Let’s start with an example. We’ll pretend that you were on your way home from work yesterday, driving your car west-bound through an intersection controlled by a traffic light. The passenger side of your car is hit in that intersection by a south-bound car. There are only three witnesses to the wreck; you, the other driver, and a pedestrian waiting to cross the street. You are positive you had a green light and the other driver says he had a green light. Obviously one of you is either mistaken or lying and you are positive it is the other driver. You see the bystander and run over and ask her what she saw and she says to you, “That guy ran a red light!”

As a result of the crash you have a cervical strain which requires you to incur medical bills and wear one of those uncomfortable neck collars for three months. And have your car repaired. The other driver and his insurance company refuse to pay you because they think you ran the red light. The only thing you can do to recover and get a measure of justice is to sue, which you reluctantly do.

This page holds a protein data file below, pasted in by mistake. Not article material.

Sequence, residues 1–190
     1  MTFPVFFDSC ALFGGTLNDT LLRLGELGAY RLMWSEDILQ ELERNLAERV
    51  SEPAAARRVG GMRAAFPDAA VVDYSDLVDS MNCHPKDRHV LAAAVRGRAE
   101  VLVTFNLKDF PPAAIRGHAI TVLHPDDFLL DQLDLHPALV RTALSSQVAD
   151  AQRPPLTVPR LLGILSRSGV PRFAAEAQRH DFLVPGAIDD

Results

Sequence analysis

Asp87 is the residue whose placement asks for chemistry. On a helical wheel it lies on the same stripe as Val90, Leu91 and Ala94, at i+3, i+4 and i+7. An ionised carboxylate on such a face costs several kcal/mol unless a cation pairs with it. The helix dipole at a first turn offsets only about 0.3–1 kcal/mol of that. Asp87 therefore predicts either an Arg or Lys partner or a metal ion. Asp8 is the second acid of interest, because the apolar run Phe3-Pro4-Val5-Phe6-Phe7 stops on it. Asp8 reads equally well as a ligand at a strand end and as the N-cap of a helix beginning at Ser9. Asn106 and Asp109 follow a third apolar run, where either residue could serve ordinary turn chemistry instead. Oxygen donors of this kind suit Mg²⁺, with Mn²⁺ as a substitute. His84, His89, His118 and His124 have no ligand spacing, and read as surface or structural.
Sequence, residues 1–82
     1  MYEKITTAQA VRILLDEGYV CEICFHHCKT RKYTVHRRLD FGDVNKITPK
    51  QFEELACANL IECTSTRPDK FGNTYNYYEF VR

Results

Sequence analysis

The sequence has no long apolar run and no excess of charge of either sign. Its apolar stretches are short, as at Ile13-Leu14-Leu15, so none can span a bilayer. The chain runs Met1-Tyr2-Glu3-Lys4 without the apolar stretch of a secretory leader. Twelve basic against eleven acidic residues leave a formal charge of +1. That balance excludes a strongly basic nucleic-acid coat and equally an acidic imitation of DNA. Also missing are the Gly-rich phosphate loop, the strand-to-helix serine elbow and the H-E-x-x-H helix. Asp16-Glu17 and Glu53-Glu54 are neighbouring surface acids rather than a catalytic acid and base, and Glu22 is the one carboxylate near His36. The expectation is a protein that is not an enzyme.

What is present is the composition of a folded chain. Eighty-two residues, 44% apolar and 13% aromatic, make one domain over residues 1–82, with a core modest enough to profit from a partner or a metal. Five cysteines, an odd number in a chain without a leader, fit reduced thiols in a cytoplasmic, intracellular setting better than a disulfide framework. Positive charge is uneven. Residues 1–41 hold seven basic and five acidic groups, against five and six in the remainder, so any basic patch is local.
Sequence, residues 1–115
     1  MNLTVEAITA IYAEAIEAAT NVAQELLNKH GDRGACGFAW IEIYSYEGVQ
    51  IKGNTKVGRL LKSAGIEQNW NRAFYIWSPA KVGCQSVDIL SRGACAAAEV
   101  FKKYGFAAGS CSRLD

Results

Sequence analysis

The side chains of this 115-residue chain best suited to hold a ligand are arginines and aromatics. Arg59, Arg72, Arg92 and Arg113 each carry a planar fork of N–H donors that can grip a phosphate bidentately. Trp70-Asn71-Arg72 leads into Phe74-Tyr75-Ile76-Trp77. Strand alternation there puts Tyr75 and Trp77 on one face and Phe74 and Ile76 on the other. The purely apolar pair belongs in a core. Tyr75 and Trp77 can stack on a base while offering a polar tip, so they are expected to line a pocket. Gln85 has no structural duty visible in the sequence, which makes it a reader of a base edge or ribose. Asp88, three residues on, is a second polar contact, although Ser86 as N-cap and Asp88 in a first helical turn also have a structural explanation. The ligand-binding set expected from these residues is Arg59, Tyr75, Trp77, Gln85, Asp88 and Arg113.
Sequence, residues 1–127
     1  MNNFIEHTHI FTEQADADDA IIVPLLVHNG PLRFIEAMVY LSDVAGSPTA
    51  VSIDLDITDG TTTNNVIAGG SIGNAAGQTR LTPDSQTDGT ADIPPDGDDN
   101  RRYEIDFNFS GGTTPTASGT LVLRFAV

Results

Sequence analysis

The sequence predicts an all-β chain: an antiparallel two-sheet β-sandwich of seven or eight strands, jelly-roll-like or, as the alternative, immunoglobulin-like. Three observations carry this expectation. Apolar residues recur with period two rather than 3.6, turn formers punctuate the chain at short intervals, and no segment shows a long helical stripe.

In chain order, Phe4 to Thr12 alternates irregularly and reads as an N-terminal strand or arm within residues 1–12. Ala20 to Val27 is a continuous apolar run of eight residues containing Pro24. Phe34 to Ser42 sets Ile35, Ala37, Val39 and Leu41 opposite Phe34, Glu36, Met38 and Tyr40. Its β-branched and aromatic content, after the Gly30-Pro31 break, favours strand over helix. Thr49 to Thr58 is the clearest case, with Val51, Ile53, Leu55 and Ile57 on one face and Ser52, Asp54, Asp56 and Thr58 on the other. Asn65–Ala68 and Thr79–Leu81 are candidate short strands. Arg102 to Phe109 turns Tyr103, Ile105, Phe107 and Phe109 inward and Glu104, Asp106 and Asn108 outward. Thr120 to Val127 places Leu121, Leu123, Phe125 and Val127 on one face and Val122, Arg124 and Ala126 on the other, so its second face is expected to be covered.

A year or so later your case is finally called to trial. A jury of people who don’t know you or the other driver is selected to hear the evidence. Because you are in the courtroom and subject to cross-examination, you will be allowed to testify that you had the green light. The other driver is also in court and testifies that he had the green light and that you ran the red light.

So now the jury has one witness – you – saying you had a green light and one witness – the other driver – saying that you ran a red light.  If they believe you, he’ll have to pay you damages. But if they believe him, he won’t have to pay you a nickel. How are they supposed to pick who is telling the truth, especially because both of you have something to gain by your testimony?